Chapter 7 Bankruptcy Trustee Fees

13 Apr Chapter 7 Bankruptcy Trustee Fees

So you did all that work to prepare your case and file for Chapter 7 Bankruptcy. Likewise, your attorney charged you a fee to help you get all the forms correct and represent you in the matter. So after about 20 to 30 hours later, there are now about 30 to 45 pages of documents filed with the Bankruptcy Court and an another 50 to 200 pages of additional supporting documentation sent to the Chapter 7 Bankruptcy Trustee. That Trustee must get big bucks to review all your paperwork, hold the 341 hearing, analyze for abuse, look for preferences, look for bankruptcy fraud, respond to you and your creditors, and monitor your case for the next 4 months, right? NOPE!With the new bankruptcy laws under BAPCPA, the Trustee’s may actually be getting the short end of the stick. Actually, they get $60 per case. So how does an attorney billing out at $450 per hour who is also serving as a trustee process and monitor your case for $60?

Heck if I know? That’s why I would never be a trustee. At $450 per hour, a trustee would only spend 7.5 minutes per case. Heck, they cant even conduct the trustee hearing in that amount of time, let alone review all the documents. And to make matters worse, if you qualify for a fee waiver, wherein you get your $299 court filing fee waived, the trustee gets $0.00!

Ah, but there is one little area that adds more compensation to the trustee. ASSETS! That’s right! If the trustee can liquidate some of your assets, he gets a percentage of the funds received.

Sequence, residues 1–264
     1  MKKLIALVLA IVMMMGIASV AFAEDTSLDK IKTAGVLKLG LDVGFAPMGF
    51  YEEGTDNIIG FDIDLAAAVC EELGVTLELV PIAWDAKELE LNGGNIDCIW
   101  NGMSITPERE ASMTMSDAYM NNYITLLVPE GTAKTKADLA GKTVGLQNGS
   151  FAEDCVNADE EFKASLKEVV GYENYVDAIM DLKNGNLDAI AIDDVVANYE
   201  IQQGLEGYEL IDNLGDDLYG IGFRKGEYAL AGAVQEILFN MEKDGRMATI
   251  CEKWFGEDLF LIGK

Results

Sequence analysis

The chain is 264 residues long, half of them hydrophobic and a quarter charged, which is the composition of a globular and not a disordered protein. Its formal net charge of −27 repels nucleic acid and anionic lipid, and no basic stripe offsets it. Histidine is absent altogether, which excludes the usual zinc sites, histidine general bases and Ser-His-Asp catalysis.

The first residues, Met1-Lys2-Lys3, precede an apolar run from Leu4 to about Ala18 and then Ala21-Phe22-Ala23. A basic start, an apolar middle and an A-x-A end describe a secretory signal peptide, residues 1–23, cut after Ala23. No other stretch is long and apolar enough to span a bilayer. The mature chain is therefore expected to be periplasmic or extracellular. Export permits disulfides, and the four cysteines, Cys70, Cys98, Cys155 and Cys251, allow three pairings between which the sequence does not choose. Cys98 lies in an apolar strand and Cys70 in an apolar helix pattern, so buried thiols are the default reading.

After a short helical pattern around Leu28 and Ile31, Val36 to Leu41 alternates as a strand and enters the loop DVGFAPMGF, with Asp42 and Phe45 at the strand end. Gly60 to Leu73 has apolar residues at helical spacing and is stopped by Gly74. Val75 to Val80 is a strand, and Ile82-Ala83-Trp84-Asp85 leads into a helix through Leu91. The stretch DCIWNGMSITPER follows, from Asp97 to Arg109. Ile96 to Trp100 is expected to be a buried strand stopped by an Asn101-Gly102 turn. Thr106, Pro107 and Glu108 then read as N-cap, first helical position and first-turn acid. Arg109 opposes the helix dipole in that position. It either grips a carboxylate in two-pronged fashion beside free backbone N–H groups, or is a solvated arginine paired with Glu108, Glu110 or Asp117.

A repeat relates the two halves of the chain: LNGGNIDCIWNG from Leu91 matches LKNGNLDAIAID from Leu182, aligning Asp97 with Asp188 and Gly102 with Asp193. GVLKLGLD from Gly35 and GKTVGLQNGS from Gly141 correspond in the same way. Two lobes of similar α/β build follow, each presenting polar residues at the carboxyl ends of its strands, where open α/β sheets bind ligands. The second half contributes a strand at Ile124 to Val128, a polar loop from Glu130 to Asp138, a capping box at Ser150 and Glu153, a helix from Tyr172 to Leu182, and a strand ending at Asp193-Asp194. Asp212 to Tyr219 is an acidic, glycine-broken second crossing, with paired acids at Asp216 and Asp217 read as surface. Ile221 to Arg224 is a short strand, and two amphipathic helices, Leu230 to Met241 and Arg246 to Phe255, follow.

The trustee’s commission percentage of what is sold is 25% of the first $5,000, plus 10% of any amount over $5,000, but less than $50,000, plus 5% of any amount over $50,000 and under $1,000,000, and 3% of any amount above $1,000,000. Of course, most Chapter 7 filers don’t have nonexempt property, so there is nothing for the trustee to sell, so she must settle for a small part of the filing fee.

To make it a little simpler, I like to look at anything over $100,000 as $8250 plus 10%. But that is assuming the Court will grant the entire percentage. Actually, these percentages are only the maximum amounts the trustee can receive, and they still must document their time and hourly rate.

So it’s not uncommon, at least down here in Southern California, where a Trustee sells real estate at $800,000 and is technically entitled to $78,250 in the sale, yet the Court will only allow $10,000.00. So what does all this mean? Well, a couple interesting facts can be deduced:

1) If there are no assets and you case is complex, you will have a very grumpy trustee.

2) It is impossible for any trustee to competently perform all their duties under the code for $60.00.

3) Trustees take the $60.00 cases as loss leaders.

4) 95% of the cases Trustee’s review have no assets to administer.

5) The 5% of cases with assets, supplies most the income to the trustee.

So to make a long story short, unless your case has assets, or some sort of abuse (ie recent load up of credit card debt or excess income) you can count on your case going quite smoothly so long as you have a competent attorney.

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